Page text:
A while ago, I was asked to make artwork for the new single of the belgian doom-metalband My Lament. Now, when you take a look at my illustrations, you wouldn't really think of doom metal, and neither would I, actually.
But, knowing that this band isn't really your typical doom-metalband, and that they prefer a more poetical approach for their CD-covers, I really liked the challenge and accepted.
Here you can see the finished cover. I will shed some light on how it came about below.
When they told me the title of their new single was 'Life will be the Death of Me', several things came to my mind. One of the images I thought of, was the cover of their CD 'Broken Leaf', which consisted of a beautiful photo of a leaf skeleton in fragile hues of grey. I somehow wanted to translate this image into new artwork that conveyed the same feeling. After some silent thinking and collective brainstorming, I came up with the idea of combining the subtle lines of a leaf skeleton with the solid shape of an animal, as if it was dissolving in full motion.
A humpback whale embodied this feeling, in my opinion. Looking at pictures of these epic animals always envokes strong feelings in me: on one hand, their size and the vast expanse of ancient darkness they live in scares me, and yet, looking at these massive animals has a tragic quality too; like watching the light of a star that is already extinct. They possess just the right combination of strenght and vulnerability.
I didn't have to think long about the technique I wanted to use as a base: black ink it would be. The dark sea just screamed for black ink, dying out on wet paper. And so I started sketching.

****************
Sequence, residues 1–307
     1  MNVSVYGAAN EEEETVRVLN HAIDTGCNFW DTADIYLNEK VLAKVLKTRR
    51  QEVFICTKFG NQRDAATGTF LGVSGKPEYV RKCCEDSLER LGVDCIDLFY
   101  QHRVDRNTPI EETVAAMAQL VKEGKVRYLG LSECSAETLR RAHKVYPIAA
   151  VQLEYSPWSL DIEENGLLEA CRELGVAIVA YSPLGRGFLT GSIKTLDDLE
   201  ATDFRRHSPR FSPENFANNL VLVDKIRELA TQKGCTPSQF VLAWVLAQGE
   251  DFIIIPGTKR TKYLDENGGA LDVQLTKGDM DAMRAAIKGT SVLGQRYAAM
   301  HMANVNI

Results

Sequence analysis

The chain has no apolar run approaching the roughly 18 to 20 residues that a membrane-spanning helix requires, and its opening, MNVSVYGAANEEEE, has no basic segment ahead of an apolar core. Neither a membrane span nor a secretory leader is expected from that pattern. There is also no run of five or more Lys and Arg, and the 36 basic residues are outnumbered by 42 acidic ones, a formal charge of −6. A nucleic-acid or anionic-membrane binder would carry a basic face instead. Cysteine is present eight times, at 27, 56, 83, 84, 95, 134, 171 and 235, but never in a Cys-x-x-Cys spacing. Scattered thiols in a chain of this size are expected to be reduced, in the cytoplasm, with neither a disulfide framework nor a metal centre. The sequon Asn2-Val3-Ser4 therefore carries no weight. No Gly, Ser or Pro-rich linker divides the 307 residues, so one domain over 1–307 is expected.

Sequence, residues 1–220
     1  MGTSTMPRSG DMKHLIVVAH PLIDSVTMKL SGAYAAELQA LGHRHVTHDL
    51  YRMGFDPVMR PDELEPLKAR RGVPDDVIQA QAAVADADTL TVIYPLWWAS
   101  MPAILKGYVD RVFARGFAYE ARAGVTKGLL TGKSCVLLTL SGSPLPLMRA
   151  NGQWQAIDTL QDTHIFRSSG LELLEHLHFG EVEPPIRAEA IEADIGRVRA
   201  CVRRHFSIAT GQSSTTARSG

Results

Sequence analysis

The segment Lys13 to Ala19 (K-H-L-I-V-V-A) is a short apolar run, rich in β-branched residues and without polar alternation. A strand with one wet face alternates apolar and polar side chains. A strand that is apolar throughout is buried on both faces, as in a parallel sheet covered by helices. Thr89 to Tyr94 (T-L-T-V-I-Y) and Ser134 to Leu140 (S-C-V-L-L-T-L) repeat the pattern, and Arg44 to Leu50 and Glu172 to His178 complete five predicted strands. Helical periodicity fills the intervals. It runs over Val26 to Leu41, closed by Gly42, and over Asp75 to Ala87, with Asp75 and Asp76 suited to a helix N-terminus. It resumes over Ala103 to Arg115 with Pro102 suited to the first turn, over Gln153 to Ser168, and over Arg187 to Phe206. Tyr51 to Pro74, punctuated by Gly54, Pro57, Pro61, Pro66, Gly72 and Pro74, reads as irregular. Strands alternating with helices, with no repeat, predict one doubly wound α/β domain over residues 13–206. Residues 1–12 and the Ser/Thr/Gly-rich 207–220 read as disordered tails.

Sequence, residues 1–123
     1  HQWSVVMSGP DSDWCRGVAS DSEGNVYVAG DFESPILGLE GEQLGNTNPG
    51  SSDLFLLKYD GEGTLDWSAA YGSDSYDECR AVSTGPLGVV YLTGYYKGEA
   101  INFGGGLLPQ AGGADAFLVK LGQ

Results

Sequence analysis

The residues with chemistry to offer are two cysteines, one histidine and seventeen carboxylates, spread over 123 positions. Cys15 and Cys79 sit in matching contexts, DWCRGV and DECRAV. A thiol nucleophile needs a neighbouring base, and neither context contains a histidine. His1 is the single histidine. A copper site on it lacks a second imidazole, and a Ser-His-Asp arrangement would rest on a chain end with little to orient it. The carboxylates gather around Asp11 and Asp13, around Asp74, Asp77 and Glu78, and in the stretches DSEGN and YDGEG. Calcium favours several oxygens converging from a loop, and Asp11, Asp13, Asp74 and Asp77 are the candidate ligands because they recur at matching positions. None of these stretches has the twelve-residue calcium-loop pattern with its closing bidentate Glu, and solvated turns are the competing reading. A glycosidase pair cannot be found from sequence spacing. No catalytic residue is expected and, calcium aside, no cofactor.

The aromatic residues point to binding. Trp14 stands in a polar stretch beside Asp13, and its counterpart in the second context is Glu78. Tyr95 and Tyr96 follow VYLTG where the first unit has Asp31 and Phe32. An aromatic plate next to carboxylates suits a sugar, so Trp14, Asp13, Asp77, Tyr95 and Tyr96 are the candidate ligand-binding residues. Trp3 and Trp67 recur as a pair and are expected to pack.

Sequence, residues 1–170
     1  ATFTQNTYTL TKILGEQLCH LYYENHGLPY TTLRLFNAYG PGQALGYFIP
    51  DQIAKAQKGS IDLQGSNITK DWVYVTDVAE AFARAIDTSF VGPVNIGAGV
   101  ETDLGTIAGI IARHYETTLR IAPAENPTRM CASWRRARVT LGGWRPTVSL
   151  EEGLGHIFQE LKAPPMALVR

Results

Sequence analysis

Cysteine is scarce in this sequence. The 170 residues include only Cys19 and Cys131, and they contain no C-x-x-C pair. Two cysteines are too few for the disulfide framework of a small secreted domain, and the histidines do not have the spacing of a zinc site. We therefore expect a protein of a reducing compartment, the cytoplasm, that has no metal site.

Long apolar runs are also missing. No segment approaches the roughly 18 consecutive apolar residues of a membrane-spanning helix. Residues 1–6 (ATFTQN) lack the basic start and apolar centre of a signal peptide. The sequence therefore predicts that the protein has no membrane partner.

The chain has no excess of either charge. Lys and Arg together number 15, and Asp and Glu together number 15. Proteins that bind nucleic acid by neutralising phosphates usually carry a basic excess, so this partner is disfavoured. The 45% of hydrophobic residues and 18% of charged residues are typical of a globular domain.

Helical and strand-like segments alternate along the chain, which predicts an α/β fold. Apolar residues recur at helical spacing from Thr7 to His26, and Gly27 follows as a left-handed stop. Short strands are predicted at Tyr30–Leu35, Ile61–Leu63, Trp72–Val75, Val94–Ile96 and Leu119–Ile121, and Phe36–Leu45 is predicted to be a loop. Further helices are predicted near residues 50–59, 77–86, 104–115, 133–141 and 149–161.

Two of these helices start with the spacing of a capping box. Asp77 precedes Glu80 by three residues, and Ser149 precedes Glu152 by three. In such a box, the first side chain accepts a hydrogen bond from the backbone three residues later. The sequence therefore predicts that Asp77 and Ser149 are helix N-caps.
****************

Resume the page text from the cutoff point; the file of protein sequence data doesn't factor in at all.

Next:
I experimented with black and red ink to make structures and backgrounds for the humpback whale. I sketched a lot of whales, to see what movement and shape would fit the image best, and would invoke the right feeling. Shapes and movement, as well as color, all work together in invoking a certain feeling, after all. It's a bit like body language: subtle things can have a big impact.
I decided on a couple of poses, and turned those sketches into cleaner ink linework illustrations. The next step was scanning all these elements. I chose the ink backgrounds with the nicest texture to use as base color for the whales and the linework, after which I started adding shadows and highlights and pulling the different elements together.
While working on my initial idea of the humpback whale that was gradually dissolved into a leaf skeleton, I loved the image itself, but I felt that this was a too literal approach to the title; too much like an illustration, if you get what I mean. After discussing this with the band, we agreed to leave out the leaf skeleton and to focus on the humpback whale instead. So I continued working on this until I had two images that clicked and had just the right ratio of darkness and light. Above and below you can see the two final pieces.